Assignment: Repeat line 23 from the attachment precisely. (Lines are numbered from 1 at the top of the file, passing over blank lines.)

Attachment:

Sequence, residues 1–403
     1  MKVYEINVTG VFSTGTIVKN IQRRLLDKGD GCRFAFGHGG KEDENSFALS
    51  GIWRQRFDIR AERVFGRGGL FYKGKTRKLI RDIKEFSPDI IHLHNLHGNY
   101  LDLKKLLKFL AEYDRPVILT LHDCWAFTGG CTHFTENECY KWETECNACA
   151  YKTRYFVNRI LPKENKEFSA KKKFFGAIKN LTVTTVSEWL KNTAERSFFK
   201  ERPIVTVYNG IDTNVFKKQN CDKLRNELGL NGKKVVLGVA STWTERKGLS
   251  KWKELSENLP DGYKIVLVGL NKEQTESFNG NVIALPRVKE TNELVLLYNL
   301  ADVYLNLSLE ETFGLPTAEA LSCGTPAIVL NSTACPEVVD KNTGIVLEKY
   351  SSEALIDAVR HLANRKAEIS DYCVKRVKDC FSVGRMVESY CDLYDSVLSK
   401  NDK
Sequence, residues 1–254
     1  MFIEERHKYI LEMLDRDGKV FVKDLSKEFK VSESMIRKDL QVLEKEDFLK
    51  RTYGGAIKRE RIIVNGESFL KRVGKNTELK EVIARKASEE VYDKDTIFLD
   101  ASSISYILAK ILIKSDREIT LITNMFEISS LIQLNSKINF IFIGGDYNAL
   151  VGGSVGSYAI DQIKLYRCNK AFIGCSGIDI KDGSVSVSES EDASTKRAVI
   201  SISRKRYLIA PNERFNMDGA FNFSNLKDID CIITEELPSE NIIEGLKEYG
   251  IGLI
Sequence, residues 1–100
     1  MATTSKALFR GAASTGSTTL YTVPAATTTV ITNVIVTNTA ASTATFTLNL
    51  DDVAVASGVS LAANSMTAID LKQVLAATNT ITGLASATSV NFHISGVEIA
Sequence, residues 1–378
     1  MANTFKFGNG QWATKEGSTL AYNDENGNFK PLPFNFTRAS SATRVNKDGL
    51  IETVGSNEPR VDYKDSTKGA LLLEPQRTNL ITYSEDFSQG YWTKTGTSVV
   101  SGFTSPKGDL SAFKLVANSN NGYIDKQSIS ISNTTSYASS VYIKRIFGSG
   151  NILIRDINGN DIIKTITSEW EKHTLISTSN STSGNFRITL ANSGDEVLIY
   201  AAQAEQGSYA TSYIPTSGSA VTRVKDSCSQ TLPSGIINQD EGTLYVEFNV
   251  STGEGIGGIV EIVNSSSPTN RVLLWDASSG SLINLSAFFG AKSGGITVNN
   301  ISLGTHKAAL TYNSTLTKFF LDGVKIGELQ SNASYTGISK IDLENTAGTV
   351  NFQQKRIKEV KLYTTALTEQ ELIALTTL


    51  IETVGSNEPR VDYKDSTKGA LLLEPQRTNL ITYSEDFSQG YWTKTGTSVV